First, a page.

"Part Two: the Plays" is an anthology of eight longer dramas, preceded by introductory notes and followed by pairs of selections from dramatic criticism. The plays in Preface to Drama, counting the short ones in Part One, make up a baker's dozen, representative of our Western Civilization. Here are exemplified the short play, the medium, and the long--comedy, tragedy, and other types--classical, romantic, and realistic--ancient, more modern, and contemporary--European, British, and American. A handful of the great historic dramatists are here: Sophocles, Shakespeare, and Molière. So, too, are the several fathers of modern drama: Ibsen, Shaw, and O'Neill. And here, as well, are significant recent dramatists: Tennessee Williams and Arthur Miller. Modern literary playwrights, Laurence Housman and Thornton Wilder, rub elbows with theatrical actor-dramatists, Noel Coward and Howard Lindsay. Even the librettist, W.S. Gilbert, has his niche. But the plays selected for inclusion are not merely representative; they have proved to be evocative of student interest and of class discussion, whether for their eduring values or for their immediate relevancy.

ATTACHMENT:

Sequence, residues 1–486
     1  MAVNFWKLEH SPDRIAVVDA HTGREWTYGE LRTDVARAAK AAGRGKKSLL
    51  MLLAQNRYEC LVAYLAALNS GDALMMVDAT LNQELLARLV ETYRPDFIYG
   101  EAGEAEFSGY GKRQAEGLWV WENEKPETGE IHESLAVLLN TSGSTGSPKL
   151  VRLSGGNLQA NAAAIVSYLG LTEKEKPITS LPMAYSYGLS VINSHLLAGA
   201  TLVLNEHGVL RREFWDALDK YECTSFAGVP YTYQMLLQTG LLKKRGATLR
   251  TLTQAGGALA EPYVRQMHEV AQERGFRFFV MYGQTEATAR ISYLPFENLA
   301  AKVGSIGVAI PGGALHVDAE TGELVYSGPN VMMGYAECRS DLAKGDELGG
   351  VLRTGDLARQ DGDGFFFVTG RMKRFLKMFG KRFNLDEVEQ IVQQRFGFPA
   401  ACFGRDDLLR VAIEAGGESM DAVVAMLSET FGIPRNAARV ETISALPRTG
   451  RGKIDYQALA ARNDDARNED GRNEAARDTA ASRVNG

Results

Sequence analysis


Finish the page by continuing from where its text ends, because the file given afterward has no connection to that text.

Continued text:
I PAGE PRELIMINARY--ORIENTATION TO DRAMA 3
I. Dramatic, theatric, and semantic elements in life 3
2. Drama in three dimensions 7
3. The ambiguity of "drama" 9
4. Literature, theater art, and drama 10
5. "A stageplay" and "a drama" defined
II. THE PLAYSCRIPT --CREATION BY THE PLAYWRIGHT 25
I. The playwright and the script 25
2. Story elements in a drama 26
3. Characters and dramatic characterization 29
4. Action, plot, and dramatic construction 32
5. Dialogue and dramatic composition
2005 (IS) list:
1. Three Sisters - Anton Chekhov 2. Waiting for Godot - Samuel Beckett 3. Betrayal - Harold Pinter 4. Buried Child - Sam Shepard 5. Angels in America - Tony Kushner 6. How I Learned to Drive - Paula Vogel 7. The Goat - Edward Albee 8. Glengary Glen Ross - David Mamet 9. * pick one of Fugard, Wilson, or Huang 10. The House of Bernarda Alba - Lorca 11. Long Day's Journey Into Night - O'Neill
2005-2006 Theatre UAF Season: Four Farces + One Funeral & Godot'06
Film-North copyright. eCitations
© 2007 by vtheatre.net. Permission to link to this site is granted. books.google.com + scholar.google.com DRAMA Analysis amazon
* Use http://vtheatre.net to link to Virtual Theatre pages!
keys: endnotes : profile.to/anatoly & Anatoly Antohin